WISE is an independent community interest company based in the UK. Read on for a look at the organization’s key aims and achievements in promoting gender balance in the fields of science, technology, engineering, and math (STEM).
What is WISE?
WISE was established in 1984 after the release of the Finniston Report, which analyzed engineering in the UK and made numerous recommendations to protect the future of the industry.
Calling for a broader talent pool of engineers and scientists, the report also sparked a variety of campaigns to attract girls and women to STEM sectors, including the WISE campaign.
In 1984, the Equal Opportunities Commission and the Engineering Council worked together to present the Women into Science and Engineering (WISE) year.
Led by the chair of the Equal Opportunities Commission Baroness Beryl Platt, WISE set forth to highlight opportunities for women in STEM professions.
Speaking at the launch of the WISE year on January 17, 1984, Engineering Council chair Sir Kenneth Corfield explained the importance of encouraging girls and women to enter engineering, as their intelligence could provide a significant boost to the industry.
The same year, a government pamphlet, “Jobs for the Girls,” was distributed throughout UK schools, promoting the idea of women working as technicians and engineers. The government produced another leaflet asking “What Is WISE Year All about?” and circulated it among businesses and learning institutions. This leaflet highlighted the waste of potential that women could bring to STEM sectors.
The government also suggested that action needed to be taken, such as reassessing educational methods and establishing stronger links between school and industry.
The WISE Vehicle Program, which ran between 1984 and 2003, raised the campaign’s profile still. It was launched by Margaret Thatcher, the prime minister at the time, and featured advertisements on London buses.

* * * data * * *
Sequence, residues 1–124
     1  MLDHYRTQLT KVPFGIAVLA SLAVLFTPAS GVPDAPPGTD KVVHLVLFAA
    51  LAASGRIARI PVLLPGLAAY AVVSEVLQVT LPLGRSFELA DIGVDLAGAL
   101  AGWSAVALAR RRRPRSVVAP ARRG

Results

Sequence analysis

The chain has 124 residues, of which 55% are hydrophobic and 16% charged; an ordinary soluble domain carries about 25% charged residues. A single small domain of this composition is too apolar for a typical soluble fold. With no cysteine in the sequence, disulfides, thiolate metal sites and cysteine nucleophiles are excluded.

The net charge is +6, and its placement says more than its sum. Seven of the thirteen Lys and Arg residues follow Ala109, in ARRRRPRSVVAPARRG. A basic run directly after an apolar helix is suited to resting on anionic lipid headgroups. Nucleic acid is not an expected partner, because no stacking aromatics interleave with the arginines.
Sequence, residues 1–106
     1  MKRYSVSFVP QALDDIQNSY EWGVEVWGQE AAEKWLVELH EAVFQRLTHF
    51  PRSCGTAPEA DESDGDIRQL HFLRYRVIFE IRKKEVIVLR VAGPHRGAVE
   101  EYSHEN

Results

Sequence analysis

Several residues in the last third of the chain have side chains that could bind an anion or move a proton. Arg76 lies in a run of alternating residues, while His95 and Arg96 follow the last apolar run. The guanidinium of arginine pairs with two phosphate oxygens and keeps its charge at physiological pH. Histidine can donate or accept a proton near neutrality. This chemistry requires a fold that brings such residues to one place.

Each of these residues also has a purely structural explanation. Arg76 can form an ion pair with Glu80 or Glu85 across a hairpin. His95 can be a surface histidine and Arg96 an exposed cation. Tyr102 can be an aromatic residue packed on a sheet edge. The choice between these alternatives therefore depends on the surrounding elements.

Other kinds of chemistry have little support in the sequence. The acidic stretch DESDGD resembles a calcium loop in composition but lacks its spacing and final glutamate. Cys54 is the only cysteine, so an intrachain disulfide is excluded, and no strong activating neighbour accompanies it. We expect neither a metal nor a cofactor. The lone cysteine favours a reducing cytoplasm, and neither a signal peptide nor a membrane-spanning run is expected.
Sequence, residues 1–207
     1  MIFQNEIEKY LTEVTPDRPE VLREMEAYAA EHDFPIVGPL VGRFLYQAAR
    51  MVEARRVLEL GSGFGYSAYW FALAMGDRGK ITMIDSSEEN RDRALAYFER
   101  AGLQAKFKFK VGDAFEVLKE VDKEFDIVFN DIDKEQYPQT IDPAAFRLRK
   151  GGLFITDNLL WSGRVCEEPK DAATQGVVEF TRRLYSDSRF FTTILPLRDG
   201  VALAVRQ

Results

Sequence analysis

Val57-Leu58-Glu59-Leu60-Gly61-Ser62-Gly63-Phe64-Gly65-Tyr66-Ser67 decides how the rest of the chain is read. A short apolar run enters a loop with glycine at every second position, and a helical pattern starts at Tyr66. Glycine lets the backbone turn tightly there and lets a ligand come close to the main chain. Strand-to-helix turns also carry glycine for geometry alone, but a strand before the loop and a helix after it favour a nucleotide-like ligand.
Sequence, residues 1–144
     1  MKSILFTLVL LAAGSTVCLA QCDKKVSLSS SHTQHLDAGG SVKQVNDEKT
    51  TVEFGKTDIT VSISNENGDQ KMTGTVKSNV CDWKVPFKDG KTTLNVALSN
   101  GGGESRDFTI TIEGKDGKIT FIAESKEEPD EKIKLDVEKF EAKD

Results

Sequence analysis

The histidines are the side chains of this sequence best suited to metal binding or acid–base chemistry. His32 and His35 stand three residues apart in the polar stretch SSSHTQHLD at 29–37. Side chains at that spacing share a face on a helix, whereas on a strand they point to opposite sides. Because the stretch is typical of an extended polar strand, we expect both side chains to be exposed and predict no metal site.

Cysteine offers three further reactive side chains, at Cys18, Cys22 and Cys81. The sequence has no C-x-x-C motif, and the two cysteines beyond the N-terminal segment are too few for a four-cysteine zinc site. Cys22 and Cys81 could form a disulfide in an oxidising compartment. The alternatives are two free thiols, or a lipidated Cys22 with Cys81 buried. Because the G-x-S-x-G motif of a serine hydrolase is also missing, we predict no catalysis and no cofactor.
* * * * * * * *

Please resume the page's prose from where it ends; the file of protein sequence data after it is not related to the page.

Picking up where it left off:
As former WISE chief executive Terry Marsh points out, when WISE was established in 1984, women comprised just 7 percent of engineering graduates in the UK. By the year 2000, however, that figure had increased to 15 percent. Though other factors contributed to this increase, WISE played an integral role, inspiring girls and young women and helping them build a career in STEM.
What does WISE do?
WISE is committed to engaging with 200,000 girls over the course of the next five years, with plans to work with 200+ member-organizations to close STEM’s gender gap.
Meanwhile, through the Chief Scientific Officer’s WISE Fellowship, mid-career female scientists working in health care achieve valuable leadership experience.
Implemented in 2016, the CSO WISE Fellowship is a unique opportunity operated within the National Health Service. The professional skills and mentoring program is extremely beneficial, as it provides Fellows with the confidence and credentials to further their career.
For example, Dr. Michelle Foster, a 2017-18 Fellow, said that prior to her fellowship, she had not been promoted in 13 years, but was promoted two bands after completion.
The 2014 Not for People Like Me report, sponsored by Network Rail, looked at why girls and people from Asian and black backgrounds assume STEM subjects are not for them. The report’s author, Professor Averil Macdonald, used the insight gained to produce the People Like Me quiz, helping to match girls’ interests and skills with different scientific fields.
WISE worked with the Open University to build on the concept, culminating in an interactive game called My Skills My Life. Girls complete a quiz to reveal their personality type, and the game matches them with STEM careers. It also connects them with real people in those careers who share their personality traits. Participants can find out what the job involves, how much it pays, and what they need to do to get there from mentors with first-hand experience.
Organizations like WISE are having a tangible impact, increasing female participation in STEM studies, connecting them with mentors, and helping them into a career in which they can grow and thrive.
In 2019 the General Certificate of Secondary Education released its registration results. They indicated the following:
- There was a 14 percent increase in female Computing GCSE entries.
- 19.6 percent more girls than boys received A-C grades in Engineering GCSEs.
- Girls accounted for 48 percent of GCSE entries in STEM subjects.
- 50 percent of Biology GCSE students were female.
- 49 percent of Physics GCSE students were female.
- 49 percent of Chemistry GCSE students were female.
Despite the promising numbers, the study showed that, in other aspects, more work needs to be done. Though the number of girls studying GCSE Computing had increased, girls still represented just 21 percent of total entries.
WISE works with some of the world’s biggest STEM companies, including Pfizer, Rolls Royce, Shell, Siemens, Sky, Transport for London, as well as various learning establishments all over the country, including the Royal Academy of Engineering.
HRH Anne, Princess Royal, has served as a Patron of WISE since 2000. In November 2016, she presented the WISE Awards to one company, one man, and eight women for their outstanding contributions to gender parity in STEM.